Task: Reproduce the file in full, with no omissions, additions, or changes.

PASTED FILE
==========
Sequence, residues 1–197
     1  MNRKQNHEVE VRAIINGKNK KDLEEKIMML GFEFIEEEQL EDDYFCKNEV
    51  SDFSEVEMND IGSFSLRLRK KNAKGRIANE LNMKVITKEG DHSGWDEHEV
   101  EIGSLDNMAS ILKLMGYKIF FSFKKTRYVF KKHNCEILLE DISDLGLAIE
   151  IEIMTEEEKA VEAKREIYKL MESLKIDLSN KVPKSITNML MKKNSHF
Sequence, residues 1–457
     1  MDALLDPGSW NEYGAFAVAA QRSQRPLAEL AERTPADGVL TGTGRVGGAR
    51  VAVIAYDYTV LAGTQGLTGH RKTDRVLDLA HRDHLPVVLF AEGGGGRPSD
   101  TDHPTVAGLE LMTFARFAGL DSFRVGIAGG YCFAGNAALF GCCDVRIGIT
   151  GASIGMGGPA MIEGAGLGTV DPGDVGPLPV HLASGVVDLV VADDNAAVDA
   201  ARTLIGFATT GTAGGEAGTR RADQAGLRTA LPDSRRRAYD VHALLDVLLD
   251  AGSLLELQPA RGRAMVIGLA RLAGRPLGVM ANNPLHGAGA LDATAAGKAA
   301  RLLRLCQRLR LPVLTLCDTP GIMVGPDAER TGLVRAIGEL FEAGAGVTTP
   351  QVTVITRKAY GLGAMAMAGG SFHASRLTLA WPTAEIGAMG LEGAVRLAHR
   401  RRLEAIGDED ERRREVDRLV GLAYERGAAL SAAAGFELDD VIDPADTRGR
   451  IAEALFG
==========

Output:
Sequence, residues 1–197
     1  MNRKQNHEVE VRAIINGKNK KDLEEKIMML GFEFIEEEQL EDDYFCKNEV
    51  SDFSEVEMND IGSFSLRLRK KNAKGRIANE LNMKVITKEG DHSGWDEHEV
   101  EIGSLDNMAS ILKLMGYKIF FSFKKTRYVF KKHNCEILLE DISDLGLAIE
   151  IEIMTEEEKA VEAKREIYKL MESLKIDLSN KVPKSITNML MKKNSHF
Sequence, residues 1–457
     1  MDALLDPGSW NEYGAFAVAA QRSQRPLAEL AERTPADGVL TGTGRVGGAR
    51  VAVIAYDYTV LAGTQGLTGH RKTDRVLDLA HRDHLPVVLF AEGGGGRPSD
   101  TDHPTVAGLE LMTFARFAGL DSFRVGIAGG YCFAGNAALF GCCDVRIGIT
   151  GASIGMGGPA MIEGAGLGTV DPGDVGPLPV HLASGVVDLV VADDNAAVDA
   201  ARTLIGFATT GTAGGEAGTR RADQAGLRTA LPDSRRRAYD VHALLDVLLD
   251  AGSLLELQPA RGRAMVIGLA RLAGRPLGVM ANNPLHGAGA LDATAAGKAA
   301  RLLRLCQRLR LPVLTLCDTP GIMVGPDAER TGLVRAIGEL FEAGAGVTTP
   351  QVTVITRKAY GLGAMAMAGG SFHASRLTLA WPTAEIGAMG LEGAVRLAHR
   401  RRLEAIGDED ERRREVDRLV GLAYERGAAL SAAAGFELDD VIDPADTRGR
   451  IAEALFG